The process for appointing a new director in a company in the UK begins with the board of directors. They will first decide whether they want to appoint an internal or external candidate. If they decide to appoint an internal candidate, they will put together a shortlist of candidates and begin the interview process.

Once they have identified a pool of suitable candidates, they will begin the interview process. The final decision will be made by the board of directors, and the new director will be formally appointed at the next shareholders’ meeting.

How can you protect yourself against wrongful removal as a director?

You can be disqualified as a director if you don't meet your legal responsibilities. This may result in you being on the disqualified directors register

As a company director, you have a lot of responsibility and authority.

But with great power comes great risk - particularly when it comes to the possibility of being removed from your position by shareholders. So what can you do to protect yourself against wrongful removal?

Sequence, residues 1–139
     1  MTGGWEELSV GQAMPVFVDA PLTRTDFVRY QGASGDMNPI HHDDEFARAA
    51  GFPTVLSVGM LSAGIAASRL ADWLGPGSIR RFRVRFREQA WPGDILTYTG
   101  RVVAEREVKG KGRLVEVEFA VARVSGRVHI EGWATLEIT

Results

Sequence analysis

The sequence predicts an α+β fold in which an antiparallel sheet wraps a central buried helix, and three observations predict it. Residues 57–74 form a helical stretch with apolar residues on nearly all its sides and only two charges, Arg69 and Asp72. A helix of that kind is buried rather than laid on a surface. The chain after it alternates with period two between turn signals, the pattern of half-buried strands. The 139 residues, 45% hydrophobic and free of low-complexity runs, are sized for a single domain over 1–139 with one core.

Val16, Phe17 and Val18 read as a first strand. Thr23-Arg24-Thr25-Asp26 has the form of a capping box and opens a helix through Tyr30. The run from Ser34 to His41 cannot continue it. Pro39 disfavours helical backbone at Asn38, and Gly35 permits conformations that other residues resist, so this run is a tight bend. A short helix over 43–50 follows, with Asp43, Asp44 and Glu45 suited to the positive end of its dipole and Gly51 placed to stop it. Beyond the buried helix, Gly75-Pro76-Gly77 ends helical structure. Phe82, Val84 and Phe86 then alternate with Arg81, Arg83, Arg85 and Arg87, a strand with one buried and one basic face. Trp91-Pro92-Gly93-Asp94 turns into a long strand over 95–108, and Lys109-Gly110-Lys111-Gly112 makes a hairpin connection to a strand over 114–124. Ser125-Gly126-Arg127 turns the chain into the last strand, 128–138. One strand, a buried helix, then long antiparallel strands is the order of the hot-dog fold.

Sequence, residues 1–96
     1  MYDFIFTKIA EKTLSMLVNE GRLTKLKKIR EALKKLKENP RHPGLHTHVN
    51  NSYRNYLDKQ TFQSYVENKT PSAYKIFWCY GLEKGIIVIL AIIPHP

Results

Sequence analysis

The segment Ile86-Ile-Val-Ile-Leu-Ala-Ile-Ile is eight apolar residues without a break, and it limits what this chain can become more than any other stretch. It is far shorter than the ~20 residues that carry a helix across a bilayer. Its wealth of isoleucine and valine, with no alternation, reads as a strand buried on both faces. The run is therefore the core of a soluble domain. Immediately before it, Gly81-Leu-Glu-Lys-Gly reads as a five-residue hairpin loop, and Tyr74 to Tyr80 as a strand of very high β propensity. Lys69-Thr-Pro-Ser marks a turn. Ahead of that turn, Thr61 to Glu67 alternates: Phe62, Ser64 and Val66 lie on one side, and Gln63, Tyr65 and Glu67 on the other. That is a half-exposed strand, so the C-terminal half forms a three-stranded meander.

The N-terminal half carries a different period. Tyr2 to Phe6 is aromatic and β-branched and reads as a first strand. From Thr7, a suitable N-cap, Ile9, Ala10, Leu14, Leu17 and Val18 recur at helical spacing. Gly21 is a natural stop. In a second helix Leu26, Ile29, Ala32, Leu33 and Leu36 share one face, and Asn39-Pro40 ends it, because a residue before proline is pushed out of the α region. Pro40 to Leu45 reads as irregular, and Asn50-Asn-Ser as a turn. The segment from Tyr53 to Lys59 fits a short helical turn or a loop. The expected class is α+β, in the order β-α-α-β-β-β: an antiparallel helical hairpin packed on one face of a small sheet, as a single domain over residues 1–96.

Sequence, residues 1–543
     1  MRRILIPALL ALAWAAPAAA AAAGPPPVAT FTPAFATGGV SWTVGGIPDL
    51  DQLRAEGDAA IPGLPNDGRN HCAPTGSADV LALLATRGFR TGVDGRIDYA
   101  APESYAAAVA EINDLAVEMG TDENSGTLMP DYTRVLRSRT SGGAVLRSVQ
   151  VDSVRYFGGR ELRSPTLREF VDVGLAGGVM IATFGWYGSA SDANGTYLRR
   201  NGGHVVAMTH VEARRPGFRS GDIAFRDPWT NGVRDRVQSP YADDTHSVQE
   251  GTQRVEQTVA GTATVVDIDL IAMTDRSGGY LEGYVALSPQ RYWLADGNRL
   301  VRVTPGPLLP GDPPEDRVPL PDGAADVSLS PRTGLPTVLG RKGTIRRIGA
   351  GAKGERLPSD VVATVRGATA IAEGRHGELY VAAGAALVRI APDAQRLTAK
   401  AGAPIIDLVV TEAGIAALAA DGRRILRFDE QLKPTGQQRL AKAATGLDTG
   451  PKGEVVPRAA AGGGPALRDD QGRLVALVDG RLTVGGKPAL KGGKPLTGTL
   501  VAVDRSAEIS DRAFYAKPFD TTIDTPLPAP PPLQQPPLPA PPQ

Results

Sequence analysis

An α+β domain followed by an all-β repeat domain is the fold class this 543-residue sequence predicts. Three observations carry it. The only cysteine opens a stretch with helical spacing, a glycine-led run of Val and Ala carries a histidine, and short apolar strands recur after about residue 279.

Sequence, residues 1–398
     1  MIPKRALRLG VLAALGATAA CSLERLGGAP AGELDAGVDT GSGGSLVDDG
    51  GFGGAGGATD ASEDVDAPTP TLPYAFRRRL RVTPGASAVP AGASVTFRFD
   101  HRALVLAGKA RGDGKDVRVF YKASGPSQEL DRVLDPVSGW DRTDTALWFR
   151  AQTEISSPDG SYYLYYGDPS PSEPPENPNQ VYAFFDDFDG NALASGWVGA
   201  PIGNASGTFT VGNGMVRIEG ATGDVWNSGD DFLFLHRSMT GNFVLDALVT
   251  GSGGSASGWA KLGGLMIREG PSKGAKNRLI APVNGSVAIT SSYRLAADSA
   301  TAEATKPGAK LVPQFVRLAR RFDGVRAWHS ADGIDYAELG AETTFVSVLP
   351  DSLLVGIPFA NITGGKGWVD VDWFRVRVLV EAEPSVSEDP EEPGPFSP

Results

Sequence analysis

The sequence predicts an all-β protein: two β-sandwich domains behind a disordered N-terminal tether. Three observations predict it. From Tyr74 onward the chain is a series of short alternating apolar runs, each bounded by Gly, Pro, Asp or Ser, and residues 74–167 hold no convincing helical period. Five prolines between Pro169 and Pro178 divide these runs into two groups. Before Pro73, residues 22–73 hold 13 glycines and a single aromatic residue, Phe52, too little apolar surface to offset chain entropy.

First and foremost, it's important to have a clear understanding of the procedures and requirements for removal set out in your company's articles of association.

The company's articles should make clear your position should any attempt to remove you be made. It's also a good idea to keep communication lines open with all shareholders, even those who may be unhappy with your performance. By maintaining a good relationship with them, you may be able to dissuade them from taking any drastic action. Finally, it's always a good idea to document everything - this way, if there is ever any question about your removal, you will have evidence to back up your case.

Can a company operate with only one director? 

While most companies have multiple directors, it is possible for a company to operate with only a single director. In some cases, this may be due to the unique structure of the business or the specific expertise of the director.

More often, however, it is simply a matter of convenience or cost-savings. Regardless of the reason, a single-director company can be just as successful as a more traditional business. The key is to ensure that the director has the necessary skills and experience to effectively manage the company. Additionally, it is important to have strong communication and governance mechanisms in place to help keep the business on track. With careful planning and execution, a single-director company can be a thriving enterprise.